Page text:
Freeze public-college tuition increases for four years
"To make education even stronger I have proposed several initiatives, which include... implementing a four-year tuition freeze at state universities..."
Four-year tuition freeze did not happen
Updated: Friday, July 8th, 2011 | By W. Gardner Selby
Revisiting an earlier vow, Gov. Rick Perry told lawmakers in February: "As families continue to struggle with the cost of higher education, I am renewing my call for a four-year tuition freeze, locking in tuition rates at or below the freshman level for four years."
No freeze passed into law, though Dominic Chavez, a spokesman for the Texas Higher Education Coordinating Board, alerted us to an adopted tweak in law that could, if universities opt in, allow graduates of two-year institutions to attend four-year colleges at the same unchanged tuition rate for up to 24 months.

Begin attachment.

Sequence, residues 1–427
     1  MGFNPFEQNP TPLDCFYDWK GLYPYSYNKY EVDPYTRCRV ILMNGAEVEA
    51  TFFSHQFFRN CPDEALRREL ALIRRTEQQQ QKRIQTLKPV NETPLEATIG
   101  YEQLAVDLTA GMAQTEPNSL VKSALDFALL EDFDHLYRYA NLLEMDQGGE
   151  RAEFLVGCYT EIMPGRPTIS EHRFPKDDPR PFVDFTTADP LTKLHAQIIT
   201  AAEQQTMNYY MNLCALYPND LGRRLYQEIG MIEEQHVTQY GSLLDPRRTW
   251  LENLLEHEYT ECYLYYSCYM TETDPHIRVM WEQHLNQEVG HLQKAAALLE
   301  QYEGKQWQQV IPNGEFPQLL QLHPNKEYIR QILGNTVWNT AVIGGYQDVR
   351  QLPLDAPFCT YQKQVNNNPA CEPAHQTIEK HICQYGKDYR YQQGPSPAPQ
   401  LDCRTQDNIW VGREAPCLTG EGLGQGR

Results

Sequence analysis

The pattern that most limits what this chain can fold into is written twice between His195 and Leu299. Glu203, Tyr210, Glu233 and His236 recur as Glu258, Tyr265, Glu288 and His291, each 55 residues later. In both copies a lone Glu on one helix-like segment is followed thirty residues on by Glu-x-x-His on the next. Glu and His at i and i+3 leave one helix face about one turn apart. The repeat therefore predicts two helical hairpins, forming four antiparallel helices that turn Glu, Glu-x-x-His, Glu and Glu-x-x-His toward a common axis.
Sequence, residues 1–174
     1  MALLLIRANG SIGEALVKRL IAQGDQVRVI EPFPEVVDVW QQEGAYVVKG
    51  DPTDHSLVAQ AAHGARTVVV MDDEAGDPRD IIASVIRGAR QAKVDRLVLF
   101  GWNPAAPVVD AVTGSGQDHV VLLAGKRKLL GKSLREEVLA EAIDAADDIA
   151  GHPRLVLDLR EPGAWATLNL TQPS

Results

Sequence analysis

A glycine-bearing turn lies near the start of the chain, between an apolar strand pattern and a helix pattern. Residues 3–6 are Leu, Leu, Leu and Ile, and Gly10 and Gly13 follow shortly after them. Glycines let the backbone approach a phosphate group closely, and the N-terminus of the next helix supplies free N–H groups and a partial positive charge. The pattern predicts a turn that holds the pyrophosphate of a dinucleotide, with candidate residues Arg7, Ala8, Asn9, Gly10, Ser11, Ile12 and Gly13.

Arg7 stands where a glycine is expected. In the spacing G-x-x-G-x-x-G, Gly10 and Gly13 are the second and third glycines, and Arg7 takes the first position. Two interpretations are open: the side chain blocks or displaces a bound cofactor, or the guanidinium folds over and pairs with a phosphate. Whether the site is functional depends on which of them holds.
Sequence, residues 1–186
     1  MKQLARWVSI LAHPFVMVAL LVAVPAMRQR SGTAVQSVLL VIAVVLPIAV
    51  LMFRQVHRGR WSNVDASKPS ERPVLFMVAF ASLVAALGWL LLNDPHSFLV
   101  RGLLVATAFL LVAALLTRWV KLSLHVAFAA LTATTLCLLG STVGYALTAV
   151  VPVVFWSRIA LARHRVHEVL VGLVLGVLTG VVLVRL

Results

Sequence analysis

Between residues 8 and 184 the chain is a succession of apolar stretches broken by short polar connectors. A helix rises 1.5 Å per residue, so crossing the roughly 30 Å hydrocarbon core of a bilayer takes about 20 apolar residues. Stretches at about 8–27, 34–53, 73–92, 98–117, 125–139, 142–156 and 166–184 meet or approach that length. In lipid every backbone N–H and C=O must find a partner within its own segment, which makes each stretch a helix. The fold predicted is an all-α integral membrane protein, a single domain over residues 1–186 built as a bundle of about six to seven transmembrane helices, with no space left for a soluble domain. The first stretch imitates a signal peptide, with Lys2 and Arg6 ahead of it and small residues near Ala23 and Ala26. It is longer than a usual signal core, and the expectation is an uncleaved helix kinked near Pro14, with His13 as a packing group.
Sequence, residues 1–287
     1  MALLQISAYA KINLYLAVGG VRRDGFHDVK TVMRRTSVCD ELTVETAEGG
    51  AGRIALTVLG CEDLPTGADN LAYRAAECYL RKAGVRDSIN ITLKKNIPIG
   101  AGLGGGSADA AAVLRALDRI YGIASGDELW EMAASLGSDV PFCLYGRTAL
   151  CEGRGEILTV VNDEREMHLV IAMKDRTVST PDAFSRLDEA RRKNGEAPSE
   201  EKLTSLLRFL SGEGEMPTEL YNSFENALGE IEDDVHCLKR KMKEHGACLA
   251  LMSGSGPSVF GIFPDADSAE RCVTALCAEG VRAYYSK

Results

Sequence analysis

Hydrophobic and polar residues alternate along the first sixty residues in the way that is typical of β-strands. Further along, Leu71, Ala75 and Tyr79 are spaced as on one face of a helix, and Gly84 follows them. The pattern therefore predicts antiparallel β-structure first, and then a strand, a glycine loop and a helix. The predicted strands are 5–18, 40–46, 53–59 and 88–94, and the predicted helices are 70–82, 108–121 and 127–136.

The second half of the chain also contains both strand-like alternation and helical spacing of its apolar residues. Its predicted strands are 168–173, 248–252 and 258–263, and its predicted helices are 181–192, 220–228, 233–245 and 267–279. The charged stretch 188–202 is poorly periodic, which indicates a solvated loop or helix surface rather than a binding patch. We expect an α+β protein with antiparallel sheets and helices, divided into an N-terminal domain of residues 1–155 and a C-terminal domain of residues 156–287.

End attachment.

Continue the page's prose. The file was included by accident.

Tuition decisions have lately varied.
In late May, the Texas A&M University System Board of Regents voted not to increase general tuition this fall, though it signed off on additional charges for students in certain programs, according to a news article in the Bryan Eagle.
In June, the Texas Tech University System Board of Regents approved a 5.9 percent increase in tuition and fees, effective this fall, a decision described by Texas Tech President Guy Bailey as partly offsetting a deficit tied to legislated budget cuts.
The same board increased tuition at Angelo State University by 9.9 percent as of this fall, according to a news article in the San Angelo Standard-Times.
We rate this promise Broken.
Texas Legislative Council, House Bill 2999, 2011 regular legislative session
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